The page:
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Griftlands, and the trouble with everything being a card game now


It was a surprise, on booting up Griftlands – the latest from Don’t Starve developer Klei Entertainment, now available in a PC early access version from the Epic store – to discover that it was a card battler. (Though I suppose you shouldn’t be surprised that any game is a card battler in 2019.) From early trailers I had expected something closer to a tactical role-playing game exploring this ramshackle, piratical offworld of bounty hunters, fish people and black markets. What I found was a beautifully illustrated tale of bitter rivalries, tough friendships and hard calls – like a scruffy science-fantasy Banner Saga – blended with a randomised deck-building roguelite, clearly inspired by the excellent Slay the Spire.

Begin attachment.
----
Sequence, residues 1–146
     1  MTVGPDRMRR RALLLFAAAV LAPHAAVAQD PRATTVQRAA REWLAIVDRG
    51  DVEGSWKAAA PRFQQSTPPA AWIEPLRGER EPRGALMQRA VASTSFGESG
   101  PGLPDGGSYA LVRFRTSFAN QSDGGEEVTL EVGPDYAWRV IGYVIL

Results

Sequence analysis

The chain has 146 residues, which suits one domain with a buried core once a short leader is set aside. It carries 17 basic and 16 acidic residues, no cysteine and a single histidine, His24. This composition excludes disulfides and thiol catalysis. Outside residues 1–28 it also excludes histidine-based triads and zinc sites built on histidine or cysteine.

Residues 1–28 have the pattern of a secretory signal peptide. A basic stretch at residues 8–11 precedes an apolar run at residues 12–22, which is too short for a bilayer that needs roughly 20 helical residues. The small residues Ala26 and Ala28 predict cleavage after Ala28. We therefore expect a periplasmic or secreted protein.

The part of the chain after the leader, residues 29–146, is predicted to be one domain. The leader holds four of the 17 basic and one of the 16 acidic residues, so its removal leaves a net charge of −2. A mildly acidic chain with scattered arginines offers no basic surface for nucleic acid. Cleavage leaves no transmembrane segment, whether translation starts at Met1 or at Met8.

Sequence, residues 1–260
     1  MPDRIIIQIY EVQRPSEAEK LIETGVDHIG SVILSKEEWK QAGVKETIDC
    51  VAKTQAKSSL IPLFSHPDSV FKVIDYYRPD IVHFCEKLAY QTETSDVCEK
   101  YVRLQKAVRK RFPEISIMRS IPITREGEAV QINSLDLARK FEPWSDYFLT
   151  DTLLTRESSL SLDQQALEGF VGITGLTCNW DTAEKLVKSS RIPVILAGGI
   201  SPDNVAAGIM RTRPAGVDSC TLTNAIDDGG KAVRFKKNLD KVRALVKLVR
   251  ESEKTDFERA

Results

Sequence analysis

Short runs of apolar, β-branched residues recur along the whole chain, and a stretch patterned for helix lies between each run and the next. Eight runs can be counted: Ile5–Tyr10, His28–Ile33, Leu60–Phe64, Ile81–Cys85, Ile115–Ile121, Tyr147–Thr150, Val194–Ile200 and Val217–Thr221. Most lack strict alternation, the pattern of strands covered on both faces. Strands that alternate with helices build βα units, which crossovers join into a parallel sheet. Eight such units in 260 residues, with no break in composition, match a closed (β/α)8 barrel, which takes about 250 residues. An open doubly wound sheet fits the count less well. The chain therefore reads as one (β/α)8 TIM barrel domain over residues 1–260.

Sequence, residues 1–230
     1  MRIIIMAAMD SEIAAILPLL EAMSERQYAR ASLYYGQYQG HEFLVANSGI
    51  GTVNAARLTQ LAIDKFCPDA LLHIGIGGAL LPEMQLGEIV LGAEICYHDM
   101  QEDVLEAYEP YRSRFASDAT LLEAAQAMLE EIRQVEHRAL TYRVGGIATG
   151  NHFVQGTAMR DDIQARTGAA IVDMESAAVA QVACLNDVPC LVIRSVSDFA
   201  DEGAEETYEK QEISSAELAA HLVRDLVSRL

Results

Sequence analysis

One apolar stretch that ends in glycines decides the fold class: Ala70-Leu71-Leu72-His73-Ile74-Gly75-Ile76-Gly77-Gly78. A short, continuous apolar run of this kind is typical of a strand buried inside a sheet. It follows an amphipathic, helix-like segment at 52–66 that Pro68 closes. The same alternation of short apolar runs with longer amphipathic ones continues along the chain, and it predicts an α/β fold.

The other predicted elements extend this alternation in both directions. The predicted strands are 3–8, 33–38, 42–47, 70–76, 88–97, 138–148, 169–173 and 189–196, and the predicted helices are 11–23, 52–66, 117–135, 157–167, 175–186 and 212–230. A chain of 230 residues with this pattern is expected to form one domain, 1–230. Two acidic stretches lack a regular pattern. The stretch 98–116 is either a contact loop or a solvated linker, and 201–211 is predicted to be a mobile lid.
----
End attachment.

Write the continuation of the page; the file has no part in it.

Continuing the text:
Not that Klei doesn’t have form for taking inspiration. The genre-hopping Vancouver studio knows not only how to skip up onto a bandwagon with style, but how to bring something of value aboard with it. Its releases have followed many an indie trend: stealth in Mark of the Ninja, crafting and survival in Don’t Starve, team tactics in Invisible, Inc., colony simulation in Oxygen Not Included. But they have all distinguished themselves by bringing original ideas and cleanly designed, hard-edged systems to the mix. These games have real bite. Invisible, Inc., in particular, is a near masterpiece.

Griftlands, while a sharp piece of work even at this early stage, is different. It feels like the card system has been parachuted onto the game rather than laying the foundations of it.